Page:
Sunday, February 09, 2014

Brave and the Bold #29 - April 1960

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Comics Weekend "Challenge of the Weapons Master!" by Gardner Fox, Mike Sekowsky, and Bernard Sachs.

It's Adventure Sunday!

Aquaman's busy as a four-eyed flounder in 1960! He's having his own adventures over in Adventure, where he's just adopted a kid sidekick, as well as taking on world-threatening foes alongside the Justice League of America!
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In the year 11,960, an arch criminal named Xotar finds himself under the thumb of the Interstellar Police, who attempting to get into his super-secret lab. Xotar has made many different wondrous weapons, but doesn't know which one will work best! Using his time-traveling robot, Xotar goes back in time with a plan to use each of these weapons on the Justice League of America! Whichever one works best is the one he will use against the police. Sounds like a perfect, not-needlessly-complicated plan!

Xotar arrives in 1960, and using his robot he goes after Snapper Carr, because of course any machine that can defeat the mighty Snapper Carr is an invention to be reckoned with:
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The Flash defeats Xotar's gravity ray, but he manages to escape, hopping back into the time stream to try out the second:
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Having been defeated again, Xotar summons Batman, Wonder Woman, and Green Lantern to fight him above "The living stone of the ring-necked pheasant!" Batman is dubious ("Sounds like kookie talk to me!"), but nevertheless they head out, wondering where their seventh member, Superman, is!

Turns out Xotar means the battle is taking place in South Dakota, at Mt. Rushmore. He is defeated once again, but he still has one weapon left to try. Speaking through the annoying lips of Snapper Carr, he summons the entire JLA to Alaska, where they are teleported to an alien planet filled with towering monsters! Or so it seems...turns out the fourth weapon is an illusion-maker, which makes the JLA think they are fighting fearsome creatures.

It's at this point Superman finally bothers to show up, destroying the illusion maker and preventing Xotar from escaping again:

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...and so ends another adventure for the Justice League of America!
 
Aquaman gets a bigger part to play this time around (yay), teamed with Martian Manhunter, beginning what many writers would later develop as a friendship between the two within the JLA.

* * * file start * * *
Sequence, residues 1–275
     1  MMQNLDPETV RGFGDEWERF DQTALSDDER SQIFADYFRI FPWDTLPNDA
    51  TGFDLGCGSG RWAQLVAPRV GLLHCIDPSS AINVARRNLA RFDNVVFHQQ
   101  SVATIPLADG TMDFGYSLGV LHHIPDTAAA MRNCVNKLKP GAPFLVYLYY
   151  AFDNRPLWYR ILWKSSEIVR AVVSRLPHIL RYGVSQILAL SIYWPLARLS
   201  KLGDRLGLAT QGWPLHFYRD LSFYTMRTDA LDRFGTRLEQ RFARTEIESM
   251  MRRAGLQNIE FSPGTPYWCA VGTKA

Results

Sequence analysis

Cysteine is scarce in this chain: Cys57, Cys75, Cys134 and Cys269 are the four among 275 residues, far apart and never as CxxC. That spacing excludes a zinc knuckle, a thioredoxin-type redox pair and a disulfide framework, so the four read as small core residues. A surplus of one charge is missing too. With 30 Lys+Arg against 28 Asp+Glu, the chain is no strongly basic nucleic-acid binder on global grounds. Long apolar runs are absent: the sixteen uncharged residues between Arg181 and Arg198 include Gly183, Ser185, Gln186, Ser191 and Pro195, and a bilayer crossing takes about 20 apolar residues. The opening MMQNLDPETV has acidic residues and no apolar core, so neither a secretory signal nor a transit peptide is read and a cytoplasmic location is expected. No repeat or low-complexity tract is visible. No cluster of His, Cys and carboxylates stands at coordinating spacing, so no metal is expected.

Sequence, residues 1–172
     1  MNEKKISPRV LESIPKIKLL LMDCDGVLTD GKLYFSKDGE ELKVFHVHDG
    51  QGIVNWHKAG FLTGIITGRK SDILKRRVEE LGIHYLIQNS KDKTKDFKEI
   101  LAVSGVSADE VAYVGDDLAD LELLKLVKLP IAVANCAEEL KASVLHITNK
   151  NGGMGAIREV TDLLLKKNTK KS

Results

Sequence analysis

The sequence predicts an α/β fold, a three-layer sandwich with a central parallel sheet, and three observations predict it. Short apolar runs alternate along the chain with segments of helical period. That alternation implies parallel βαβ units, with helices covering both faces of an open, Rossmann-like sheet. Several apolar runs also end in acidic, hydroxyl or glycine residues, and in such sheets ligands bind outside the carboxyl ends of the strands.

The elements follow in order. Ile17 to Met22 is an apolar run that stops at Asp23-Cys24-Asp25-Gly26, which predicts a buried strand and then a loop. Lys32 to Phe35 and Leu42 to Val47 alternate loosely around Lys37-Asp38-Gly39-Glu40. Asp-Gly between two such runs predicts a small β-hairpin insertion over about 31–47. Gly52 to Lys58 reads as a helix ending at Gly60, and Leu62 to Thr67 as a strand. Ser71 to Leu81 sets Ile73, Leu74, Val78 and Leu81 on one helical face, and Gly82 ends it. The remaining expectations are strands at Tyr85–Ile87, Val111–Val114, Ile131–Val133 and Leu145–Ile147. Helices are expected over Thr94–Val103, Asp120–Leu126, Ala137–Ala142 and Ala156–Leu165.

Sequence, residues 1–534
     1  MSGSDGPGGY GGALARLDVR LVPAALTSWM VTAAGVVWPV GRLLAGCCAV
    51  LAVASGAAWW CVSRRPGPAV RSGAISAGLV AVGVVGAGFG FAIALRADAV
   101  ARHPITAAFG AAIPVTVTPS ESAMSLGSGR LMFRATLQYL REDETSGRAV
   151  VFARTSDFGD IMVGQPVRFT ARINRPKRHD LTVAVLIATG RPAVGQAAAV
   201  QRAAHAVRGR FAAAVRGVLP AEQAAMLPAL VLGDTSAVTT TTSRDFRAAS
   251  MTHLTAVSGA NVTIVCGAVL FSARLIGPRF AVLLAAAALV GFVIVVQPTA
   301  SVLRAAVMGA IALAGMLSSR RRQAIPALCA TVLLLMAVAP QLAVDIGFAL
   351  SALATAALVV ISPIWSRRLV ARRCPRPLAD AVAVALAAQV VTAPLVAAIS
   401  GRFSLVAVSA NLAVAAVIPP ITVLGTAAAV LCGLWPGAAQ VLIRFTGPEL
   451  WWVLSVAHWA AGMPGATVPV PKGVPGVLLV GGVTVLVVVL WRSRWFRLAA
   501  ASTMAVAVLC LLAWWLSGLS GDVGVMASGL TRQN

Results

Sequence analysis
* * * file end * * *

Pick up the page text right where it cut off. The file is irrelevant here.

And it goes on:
I like on the cover how all the JLAers are trying to defeat Xotar's robot using their own special set of skills, but for some reason Aquaman brought a sledgehammer.


6 comments:

The Daily Superman Podcast said...

Haha! A fun adventure with some hilarious commentary. Snapper Carr has always driven me crazy, I'm not sure what role he serves, other than reemphasizing that if you don't have powers you can either be a) Batman or b) ,annoying & worthless.

And I can't help but laugh at the location of the gun on Weapon Master's exo suit. Nice gun placement. He is obviously trying to compensate for something.

Anthony said...

The Zoo Crew comic in the 80s had a parody of the cover---a duck version of Xotar vs the Justa Lotta Animals, Aquaduck included... minus the sledgehammer (though entirely in the robot's grip) ;-)

Joseph Brian Scott said...

The teletubbies will be influential in giant robot design in the far future.

Unknown said...

Viva Adventure Sunday!

Graphic evidence that Aquaman was the most practical JLAer by miles: Everyone else forgot to bring their sledgehammers to the fight.

Gotta love the lengths they would go in the name of teamwork: Jonn could have just flown Aquaman to the fight.

Sekowsky's work looks better to me as I get older. I always thought of him as clunky (same with Ross Andru). But I think he does okay with Aquaman. He seems better with swimming than he does with flying.

James Chatterton

r duncan said...

Re: sledgehammer. At least he wasn't propelled into the air by a broken fire hydrant.

C C Franklin said...

Of course this cover was a homage to All-Star Comics #43, also edited by Julie Schwartz!

http://www.dcindexes.com/gallery/!dc/allstar/allstar43.jpg

I really like the art in these early JLA tales. Sekowsky is less...wonky than he got later on. Maybe he was into it more. Sachs inks were smoother and reined him in more than Sid Greene as well.

Chris